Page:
DAKAR (Thomson Reuters Foundation) - African political leaders, activists, and local chiefs joined forces on Monday to commit to ending child marriage in West and Central Africa, the region with the highest child marriage rate in the world. More than a third of girls in the region are married under the age of 18, with the rate over 50 percent in six countries and up to 76 percent in Niger. Driven by factors including poverty, insecurity and religious tradition, marrying...
(AFP (eng) 10/21/17)
The killing of four American special operations soldiers in Niger has highlighted the increasing role elite units are playing across Africa, which is rapidly becoming a major center of US military action. Their mission is to counter the advances of a slew of jihadist movements across the continent, including Al-Shabaab in Somalia, affiliates of the Islamic State group in the Sahel region and Boko Haram in Nigeria. Of the 8,000 special forces "operators" deployed globally this year, more than 1,300...
(Reuters (Eng) 10/20/17)
DAKAR (Thomson Reuters Foundation) - The #MeToo social media campaign to raise awareness about sexual harassment and abuse has sparked conversation in parts of Africa where domestic violence is rampant but strong cultural and religious taboos prevent women from admitting it. Prompted by sexual abuse allegations against American film mogul Harvey Weinstein, millions of women around the world have been sharing their experiences of harassment and abuse on Facebook and Twitter with the hashtag #MeToo. The movement has reached only...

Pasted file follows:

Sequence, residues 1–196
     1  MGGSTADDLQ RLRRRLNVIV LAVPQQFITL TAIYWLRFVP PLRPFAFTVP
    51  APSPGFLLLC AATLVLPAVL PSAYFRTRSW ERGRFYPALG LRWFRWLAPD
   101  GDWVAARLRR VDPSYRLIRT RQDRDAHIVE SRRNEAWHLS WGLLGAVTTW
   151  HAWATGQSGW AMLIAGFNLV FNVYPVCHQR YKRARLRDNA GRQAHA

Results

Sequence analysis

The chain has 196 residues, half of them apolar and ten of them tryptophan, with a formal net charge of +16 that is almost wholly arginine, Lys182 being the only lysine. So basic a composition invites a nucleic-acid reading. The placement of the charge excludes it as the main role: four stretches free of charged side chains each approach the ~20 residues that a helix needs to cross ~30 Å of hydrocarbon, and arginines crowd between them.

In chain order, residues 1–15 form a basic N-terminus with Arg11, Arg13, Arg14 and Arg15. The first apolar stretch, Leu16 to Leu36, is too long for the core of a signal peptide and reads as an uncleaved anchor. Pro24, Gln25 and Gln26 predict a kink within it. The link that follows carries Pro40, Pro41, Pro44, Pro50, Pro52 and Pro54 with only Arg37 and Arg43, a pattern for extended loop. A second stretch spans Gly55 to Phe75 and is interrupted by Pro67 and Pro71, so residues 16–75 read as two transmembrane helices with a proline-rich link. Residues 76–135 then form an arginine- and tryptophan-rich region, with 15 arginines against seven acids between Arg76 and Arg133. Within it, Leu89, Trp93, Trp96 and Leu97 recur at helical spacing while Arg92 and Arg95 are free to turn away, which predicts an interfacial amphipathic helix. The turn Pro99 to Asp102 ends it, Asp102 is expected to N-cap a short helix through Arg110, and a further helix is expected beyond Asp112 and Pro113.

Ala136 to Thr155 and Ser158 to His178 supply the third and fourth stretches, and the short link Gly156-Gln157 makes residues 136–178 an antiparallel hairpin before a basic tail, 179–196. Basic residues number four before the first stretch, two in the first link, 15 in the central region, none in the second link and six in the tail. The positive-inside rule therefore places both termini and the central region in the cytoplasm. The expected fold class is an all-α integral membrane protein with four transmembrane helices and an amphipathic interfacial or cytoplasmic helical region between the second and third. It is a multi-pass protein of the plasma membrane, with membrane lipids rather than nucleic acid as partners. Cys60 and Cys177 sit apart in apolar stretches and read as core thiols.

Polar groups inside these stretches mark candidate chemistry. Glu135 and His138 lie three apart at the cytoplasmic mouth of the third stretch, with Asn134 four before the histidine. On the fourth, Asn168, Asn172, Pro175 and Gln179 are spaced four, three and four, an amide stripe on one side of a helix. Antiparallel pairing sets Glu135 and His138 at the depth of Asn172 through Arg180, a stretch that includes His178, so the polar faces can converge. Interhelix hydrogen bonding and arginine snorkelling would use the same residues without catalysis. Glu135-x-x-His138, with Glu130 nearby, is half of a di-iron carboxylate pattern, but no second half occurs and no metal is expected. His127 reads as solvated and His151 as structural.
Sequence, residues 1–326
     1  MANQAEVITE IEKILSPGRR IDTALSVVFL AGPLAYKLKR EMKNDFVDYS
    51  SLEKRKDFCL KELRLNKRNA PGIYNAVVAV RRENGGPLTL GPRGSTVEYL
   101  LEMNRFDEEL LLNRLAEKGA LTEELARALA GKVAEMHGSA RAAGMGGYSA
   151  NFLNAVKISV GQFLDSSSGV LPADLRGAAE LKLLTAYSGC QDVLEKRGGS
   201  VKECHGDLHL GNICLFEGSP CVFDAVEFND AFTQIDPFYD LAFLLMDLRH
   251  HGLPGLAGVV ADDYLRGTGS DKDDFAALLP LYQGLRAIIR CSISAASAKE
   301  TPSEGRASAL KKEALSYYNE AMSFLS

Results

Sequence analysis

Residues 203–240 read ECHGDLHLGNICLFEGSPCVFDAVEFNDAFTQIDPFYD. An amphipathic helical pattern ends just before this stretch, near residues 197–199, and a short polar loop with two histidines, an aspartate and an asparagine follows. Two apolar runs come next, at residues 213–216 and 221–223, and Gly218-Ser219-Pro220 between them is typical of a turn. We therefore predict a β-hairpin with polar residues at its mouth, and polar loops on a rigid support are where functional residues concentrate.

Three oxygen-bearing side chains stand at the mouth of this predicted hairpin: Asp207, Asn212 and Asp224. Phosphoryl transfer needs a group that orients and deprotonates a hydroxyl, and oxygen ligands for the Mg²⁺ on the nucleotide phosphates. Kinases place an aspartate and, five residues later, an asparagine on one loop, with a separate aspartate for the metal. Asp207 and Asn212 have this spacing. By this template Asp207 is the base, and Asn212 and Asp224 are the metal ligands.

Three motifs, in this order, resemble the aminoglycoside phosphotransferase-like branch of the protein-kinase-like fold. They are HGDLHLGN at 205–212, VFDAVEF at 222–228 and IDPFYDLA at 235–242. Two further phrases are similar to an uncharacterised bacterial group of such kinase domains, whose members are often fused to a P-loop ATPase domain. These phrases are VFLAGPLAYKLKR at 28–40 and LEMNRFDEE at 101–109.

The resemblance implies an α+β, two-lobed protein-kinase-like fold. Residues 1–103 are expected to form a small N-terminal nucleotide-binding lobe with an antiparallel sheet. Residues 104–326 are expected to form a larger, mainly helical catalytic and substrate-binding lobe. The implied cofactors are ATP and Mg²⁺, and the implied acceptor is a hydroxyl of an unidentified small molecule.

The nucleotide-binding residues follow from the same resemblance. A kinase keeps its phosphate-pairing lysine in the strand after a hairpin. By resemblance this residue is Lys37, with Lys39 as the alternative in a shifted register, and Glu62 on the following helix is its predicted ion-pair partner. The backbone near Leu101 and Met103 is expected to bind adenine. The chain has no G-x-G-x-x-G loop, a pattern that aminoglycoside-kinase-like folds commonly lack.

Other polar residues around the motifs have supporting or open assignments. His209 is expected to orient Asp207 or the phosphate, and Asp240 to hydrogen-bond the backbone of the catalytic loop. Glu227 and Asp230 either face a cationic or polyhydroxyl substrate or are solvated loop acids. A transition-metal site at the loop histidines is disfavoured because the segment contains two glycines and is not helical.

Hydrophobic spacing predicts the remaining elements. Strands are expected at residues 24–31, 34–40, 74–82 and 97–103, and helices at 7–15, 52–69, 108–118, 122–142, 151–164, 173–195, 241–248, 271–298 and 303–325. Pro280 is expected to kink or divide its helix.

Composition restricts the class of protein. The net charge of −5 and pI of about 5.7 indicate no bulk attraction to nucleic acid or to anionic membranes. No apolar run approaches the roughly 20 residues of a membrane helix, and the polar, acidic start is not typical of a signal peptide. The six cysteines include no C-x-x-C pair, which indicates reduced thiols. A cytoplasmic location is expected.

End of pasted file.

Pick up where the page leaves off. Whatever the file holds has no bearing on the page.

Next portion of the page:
(AFP (eng) 10/12/17)
Peacekeepers in the Central African Republic are accused of sexually abusing a teenage girl, the United Nations said Wednesday, the latest in a spate of rape claims that have hit the UN mission. The minor was taken to hospital after being allegedly assaulted on September 30 in the southern town of Bambari, said UN spokesman Stephane Dujarric. The UN said the girl was 16 years old, but Amnesty International, which interviewed her, said she was 19. News of the allegation...
(AFP (eng) 10/05/17)
Armed groups in the Central African Republic are using rape and sexual slavery to terrorize women and girls, led by commanders who appear to have ordered the assaults, Human Rights Watch said Thursday. In a new report, the rights group documented 305 cases of rape and sexual slavery carried out against 296 women and girls, but these reflect only a fraction of the sexual violence, it said. The assaults were carried out from early 2013 to mid-2017, even as the...